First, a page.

Change font size:

Zoom

  • Increase
  • Decrease
  • Normal

Current Zoom: 100%

Mental Illness, Criminal Offences, & Deportation

Step 1: Choose language Step 2: Choose from available formats and options

Table of contents

This publication is for front-line workers and advocates working with people who:

  • are not Canadian citizens,
  • have been charged with or convicted of a crime in Canada,
  • have or may have a mental illness.

If someone is not a citizen of Canada, a criminal conviction could affect their immigration status. Even a permanent resident who has lived in Canada for many years could lose their status and be deported with no right to come back.

Many people with mental illness come into conflict with the law. Often, there is a link between the illness and circumstances that lead to criminal charges.

In this publication, the term "mental illness" refers to a condition that affects how someone thinks, feels, or behaves and has a serious impact on their ability to function effectively. Symptoms can vary from mild to severe. Some examples of mental illness are depression, bipolar disorder, schizophrenia, anxiety disorder, and personality disorder.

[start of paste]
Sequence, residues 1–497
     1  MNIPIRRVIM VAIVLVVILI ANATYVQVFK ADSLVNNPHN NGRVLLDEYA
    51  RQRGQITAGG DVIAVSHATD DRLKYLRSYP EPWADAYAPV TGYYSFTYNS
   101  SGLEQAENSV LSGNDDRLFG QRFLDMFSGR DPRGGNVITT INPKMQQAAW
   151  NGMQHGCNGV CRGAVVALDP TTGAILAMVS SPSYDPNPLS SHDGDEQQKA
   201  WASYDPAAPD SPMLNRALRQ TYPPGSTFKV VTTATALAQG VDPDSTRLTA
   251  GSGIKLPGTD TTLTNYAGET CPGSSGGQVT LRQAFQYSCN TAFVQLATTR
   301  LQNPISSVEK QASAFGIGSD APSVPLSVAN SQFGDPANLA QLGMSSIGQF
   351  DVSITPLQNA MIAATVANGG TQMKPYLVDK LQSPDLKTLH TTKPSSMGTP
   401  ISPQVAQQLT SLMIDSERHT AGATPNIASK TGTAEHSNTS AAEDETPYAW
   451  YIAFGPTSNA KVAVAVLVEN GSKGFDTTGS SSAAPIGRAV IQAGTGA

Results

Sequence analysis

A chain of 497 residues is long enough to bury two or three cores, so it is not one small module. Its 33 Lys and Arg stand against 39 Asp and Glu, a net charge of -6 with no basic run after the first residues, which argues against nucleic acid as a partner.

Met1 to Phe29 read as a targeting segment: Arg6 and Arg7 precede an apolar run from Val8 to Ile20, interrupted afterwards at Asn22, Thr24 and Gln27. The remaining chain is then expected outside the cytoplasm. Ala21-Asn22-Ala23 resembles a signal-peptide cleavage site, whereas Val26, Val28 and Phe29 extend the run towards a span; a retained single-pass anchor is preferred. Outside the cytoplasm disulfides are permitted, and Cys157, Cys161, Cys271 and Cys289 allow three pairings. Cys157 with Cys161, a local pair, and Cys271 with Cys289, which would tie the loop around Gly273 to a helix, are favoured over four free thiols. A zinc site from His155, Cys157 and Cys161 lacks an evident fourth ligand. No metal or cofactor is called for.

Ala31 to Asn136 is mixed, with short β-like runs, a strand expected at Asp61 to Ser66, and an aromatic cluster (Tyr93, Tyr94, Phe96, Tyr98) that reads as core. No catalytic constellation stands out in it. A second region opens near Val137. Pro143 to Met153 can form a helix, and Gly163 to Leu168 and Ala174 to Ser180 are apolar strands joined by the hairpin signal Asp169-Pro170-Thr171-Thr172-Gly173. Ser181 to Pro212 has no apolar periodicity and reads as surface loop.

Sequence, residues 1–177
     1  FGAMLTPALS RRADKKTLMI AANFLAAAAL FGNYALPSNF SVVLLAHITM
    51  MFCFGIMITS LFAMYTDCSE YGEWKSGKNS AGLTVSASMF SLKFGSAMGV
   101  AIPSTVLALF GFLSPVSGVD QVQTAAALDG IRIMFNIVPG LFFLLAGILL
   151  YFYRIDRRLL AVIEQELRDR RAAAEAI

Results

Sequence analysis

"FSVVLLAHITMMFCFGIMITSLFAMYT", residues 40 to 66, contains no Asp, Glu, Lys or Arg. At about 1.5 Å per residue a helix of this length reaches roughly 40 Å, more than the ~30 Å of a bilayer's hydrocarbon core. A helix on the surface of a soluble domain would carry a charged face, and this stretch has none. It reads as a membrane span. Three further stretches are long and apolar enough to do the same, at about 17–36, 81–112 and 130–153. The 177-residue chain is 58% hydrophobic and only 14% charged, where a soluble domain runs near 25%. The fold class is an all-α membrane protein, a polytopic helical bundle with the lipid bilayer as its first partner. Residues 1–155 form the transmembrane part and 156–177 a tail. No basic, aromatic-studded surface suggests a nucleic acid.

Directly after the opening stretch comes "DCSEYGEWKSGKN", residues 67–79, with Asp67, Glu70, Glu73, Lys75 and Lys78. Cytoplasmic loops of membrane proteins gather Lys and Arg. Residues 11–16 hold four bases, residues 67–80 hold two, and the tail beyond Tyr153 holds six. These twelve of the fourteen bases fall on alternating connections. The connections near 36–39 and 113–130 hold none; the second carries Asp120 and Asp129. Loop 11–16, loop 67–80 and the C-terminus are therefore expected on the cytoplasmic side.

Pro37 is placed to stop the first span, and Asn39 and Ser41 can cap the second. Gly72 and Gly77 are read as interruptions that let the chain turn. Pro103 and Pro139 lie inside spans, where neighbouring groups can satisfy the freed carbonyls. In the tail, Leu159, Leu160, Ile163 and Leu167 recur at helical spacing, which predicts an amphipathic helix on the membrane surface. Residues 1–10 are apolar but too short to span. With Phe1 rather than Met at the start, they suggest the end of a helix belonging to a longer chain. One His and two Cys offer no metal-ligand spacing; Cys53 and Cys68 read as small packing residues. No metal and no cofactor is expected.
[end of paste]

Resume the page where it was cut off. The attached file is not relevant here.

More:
Addiction is also considered a mental disorder. When it occurs in combination with any other mental illness, it is called a concurrent disorder.


Diversion
Someone with a mental illness who is facing criminal charges may be eligible for "diversion". This means they are referred to mental health services and supports and may not have to go through the criminal justice system. To find out if there are diversion programs in your community, visit the Mental Health Helpline website at www.mentalhealthhelpline.ca, and search the Directory. You can also call the free health services information line at 1-866-531-2600.